1. What was your first job/where did you start?
I was an intern at Elle fashion when the title launched in South Africa in 1998.
2. What made you want to build a career in your profession?
The love of ideas, people and a good story.
3. Describe a day in your life at present.
As a growing company, there’s no such thing as an average day – long hours coupled with lots of tea while I work on researching and pitching for new business, implementation of work for current clients, client service, managing and overseeing teams. But it's all worth it in the end, and as a result we were recently reappointed to produce internal communications for Transnet and we’ve just signed up the IMM (Institute of Strategic Marketing) as a client.
4. How do you unwind behind the scenes? List your favourite song, movie and book.
I unwind by playing music really loudly while driving or if I’m home, having a technology-free day. My favourite movie is Kung Fu Panda, and my current favourite read is The Tanning of America by Steve Stoute. I don’t really have a favourite song - I appreciate good music and I have hip-hop, kwaito and pop on heavy rotation.
5. Who would you most like to meet (dead or alive) and why?
Alexander Fleming (to say thanks for penicillin), Steve Jobs (for a talk about how technology will continue to influence the world over the next 50 years), Oprah Winfrey (for reminding the world to dream, often) and King Shaka (the great Zulu king, need I say more?)
6. What has been one of the most important lessons you have learnt?
Take care of the fundamentals, and everything else will more or less take care of itself.
7. What is your secret indulgence and what are your three ‘can’t live without’ items?
My secret indulgences are increasingly silence, sleep and (free) time, and my three essential items are shoes, good food and stimulating conversations (in that order).
8. Who do you think is getting it right in the industry?
There’s quite a few across various disciplines and it’s generally media practitioners and brands who are recognising that the best way to attract and keep audience attention is through relevant, engaging communication strategies. This entails going beyond traditional psychographics and consumer demographics and developing an intimate understanding of who you’re talking to. The audience will tell you when and how they’d like you to talk to them.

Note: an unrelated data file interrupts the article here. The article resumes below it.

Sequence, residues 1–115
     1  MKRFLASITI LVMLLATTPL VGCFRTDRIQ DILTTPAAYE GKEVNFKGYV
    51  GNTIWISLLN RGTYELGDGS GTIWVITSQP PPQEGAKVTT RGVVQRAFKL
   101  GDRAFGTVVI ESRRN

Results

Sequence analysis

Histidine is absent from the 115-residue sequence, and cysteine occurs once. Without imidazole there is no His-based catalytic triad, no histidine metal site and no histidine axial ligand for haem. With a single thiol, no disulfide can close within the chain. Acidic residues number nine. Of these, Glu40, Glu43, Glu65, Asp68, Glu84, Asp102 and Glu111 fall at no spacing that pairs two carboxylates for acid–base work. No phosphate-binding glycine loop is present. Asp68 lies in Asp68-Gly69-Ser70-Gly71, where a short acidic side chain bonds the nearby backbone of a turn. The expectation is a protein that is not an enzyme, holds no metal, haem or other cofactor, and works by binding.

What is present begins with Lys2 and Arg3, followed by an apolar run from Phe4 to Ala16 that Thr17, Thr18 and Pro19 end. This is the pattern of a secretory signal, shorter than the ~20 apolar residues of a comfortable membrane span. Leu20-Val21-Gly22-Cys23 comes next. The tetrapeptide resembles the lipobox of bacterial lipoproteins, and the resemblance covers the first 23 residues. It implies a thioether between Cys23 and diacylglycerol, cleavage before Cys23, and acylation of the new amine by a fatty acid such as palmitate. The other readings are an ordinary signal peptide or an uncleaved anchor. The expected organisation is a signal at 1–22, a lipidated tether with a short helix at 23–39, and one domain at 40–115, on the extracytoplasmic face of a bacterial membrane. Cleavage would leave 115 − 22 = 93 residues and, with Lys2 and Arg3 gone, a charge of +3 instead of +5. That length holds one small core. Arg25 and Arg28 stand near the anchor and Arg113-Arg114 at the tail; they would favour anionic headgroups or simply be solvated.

I think Elle magazine speaks to the post-racial modern career woman eloquently through an aesthetic that is eclectically South African, and fully fashion. Nandos for standing out from the crowd for their current and irreverent humour.
9. Which person in the industry do you think is making waves?
Ravi Naidoo - after 17 years, Design Indaba’s message is more relevant than ever.
10. Who is your alter-ego?
I do not have an alter-ego.
11. What is your favourite perfume?
Armani Code and Dolce & Gabbana Light Blue.
12. Which car would best personify you, and why?
My Mini: it’s small, practical, intuitive and has amazing road handling. One day, when I’m big, I hope to embody all those values.
13. What is your favourite reality TV series?
I’m not sure if ‘favourite’ is the word I’d use, but I find myself unable to stop watching Keeping up with the Kardashians, in the same way people rubberneck past accident scenes.
14. Who is someone you truly look up to, and which qualities do you most admire about them?
I don’t believe in putting people on pedestals as we’re all human. As a result, I’m inspired by people from all walks of life, like my parents who came to Johannesburg as migrant workers from the Eastern Cape in search of a better life and had the foresight to want and do better for their kids. To the countless men and women who we don’t read about in newspapers, who quietly keep the country ticking over. To captains of industries whose passion for shaping the world for the better is a far bigger motivator than just the bottom line.
15. What’s your stance on social media?
I think it’s an incredible force, which can be channelled and harnessed for change (think Tunisia, Libya or its role in the Obama campaign). The converse is also true - because of its power to shape opinions, debate and the course of events, more people need to think (very carefully) before they tweet or Facebook.